We would also need to shut down even more coal-fired power plants in order to reach ground-level ozone compliance. Thousands of West Virginians count on mining jobs. Our schools and communities count on the tax funding provided by coal mining. And the U.S. counts on electric generation from fossil fuels such as coal, petroleum and natural gas. These reliable, affordable domestic energy supplies foster our nation’s energy security.

Last year, Hino Motors Manufacturing USA announced 20 new jobs and direct investments of $2.9 million for machinery, equipment and improvements at the company’s Williamstown, W.Va., assembly plant. That operation is the only U.S. plant making fuel-efficient commercial trucks. Those trucks could actually help lower ground-level ozone emissions. But ironically, the Hino plant could face incredible costs, as new regulations would force manufactures to make technical and formula changes to their products and pay for replacement equipment.

Toyota Motor Manufacturing has expanded seven times since coming to the state in 1996, and with its new investment plans, employment would reach more than 1,000 with a total investment of $1.3 billion in Buffalo, W.Va. Allevard Sogefi USA invested $5.5 million to upgrade equipment and plans to grow its workforce to over 150 employees.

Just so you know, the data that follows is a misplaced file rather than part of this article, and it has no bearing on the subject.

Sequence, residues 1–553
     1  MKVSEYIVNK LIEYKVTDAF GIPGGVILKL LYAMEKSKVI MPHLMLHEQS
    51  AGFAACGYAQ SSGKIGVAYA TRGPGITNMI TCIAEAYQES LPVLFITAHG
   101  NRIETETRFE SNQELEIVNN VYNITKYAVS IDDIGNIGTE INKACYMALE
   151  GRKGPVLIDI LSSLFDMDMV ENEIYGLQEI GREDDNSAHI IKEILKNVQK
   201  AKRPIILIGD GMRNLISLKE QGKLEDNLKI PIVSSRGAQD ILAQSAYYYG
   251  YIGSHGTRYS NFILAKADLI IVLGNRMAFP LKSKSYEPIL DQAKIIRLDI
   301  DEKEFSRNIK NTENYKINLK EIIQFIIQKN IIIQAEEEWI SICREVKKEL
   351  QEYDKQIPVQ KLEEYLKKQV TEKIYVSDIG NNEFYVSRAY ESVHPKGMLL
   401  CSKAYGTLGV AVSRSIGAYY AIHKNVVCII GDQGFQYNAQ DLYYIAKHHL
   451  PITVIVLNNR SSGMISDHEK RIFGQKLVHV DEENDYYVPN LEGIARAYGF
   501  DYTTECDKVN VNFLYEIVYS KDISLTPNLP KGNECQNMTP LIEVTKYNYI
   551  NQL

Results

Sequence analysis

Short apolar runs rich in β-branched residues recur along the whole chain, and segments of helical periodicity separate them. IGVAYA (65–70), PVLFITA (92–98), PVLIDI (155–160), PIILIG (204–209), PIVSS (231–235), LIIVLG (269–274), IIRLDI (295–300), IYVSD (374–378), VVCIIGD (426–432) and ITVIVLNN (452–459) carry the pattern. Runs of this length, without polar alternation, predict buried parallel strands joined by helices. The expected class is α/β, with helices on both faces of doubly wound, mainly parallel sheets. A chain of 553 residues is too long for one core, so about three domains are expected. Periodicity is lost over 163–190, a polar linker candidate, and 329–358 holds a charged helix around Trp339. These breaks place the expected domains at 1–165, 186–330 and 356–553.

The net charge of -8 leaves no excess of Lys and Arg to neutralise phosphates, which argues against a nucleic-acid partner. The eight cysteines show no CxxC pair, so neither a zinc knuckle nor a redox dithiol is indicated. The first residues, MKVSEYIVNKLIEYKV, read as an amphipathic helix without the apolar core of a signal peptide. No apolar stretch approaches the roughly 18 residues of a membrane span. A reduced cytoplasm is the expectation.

These are examples of our state government and workforce partnering with the business community and making investments into our region that create jobs and that will bring billions of dollars into West Virginia’s economy.

We cannot afford to lose industries and economic developments due to unattainable EPA standards from increased prices, delays, new equipment requirements and uncertainties from restrictive permitting. According to the NERA study, new ozone regulations could cost West Virginia $21 billion Gross State Product loss from 2017-40 and 14,276 jobs.

Beyond manufacturing and coal industries, ground-level ozone restrictions would effect every single layer of our economy. Businesses in the service sector could be required to install lower-emitting equipment for space heating, water heating and air conditioning. Scrapping or replacing recently purchased landscaping equipment with lower emitting versions could be costly.

Old service fleet vehicles or high-emitting commercial trucks could be scrapped along with personal vehicles and ATVS in order to meet the requirements. West Virginia consumers could experience up to a 15 percent increase in residential electricity prices and up to a 32 percent increase in gas prices.

West Virginia has weathered many storms over the years, but our state has worked hard to create a positive business climate. We were the only state to cut taxes in 2012. West Virginia’s economy was the third fastest-growing in the nation in 2013, according to the latest report on real Gross Domestic Product (GDP) by the Bureau of Economic Analysis (BEA).

If we can keep the EPA out of our way, we can grow West Virginia by leaps and bounds.

Eddy is chief executive officer of Eagle Manufacturing in Wellsburg.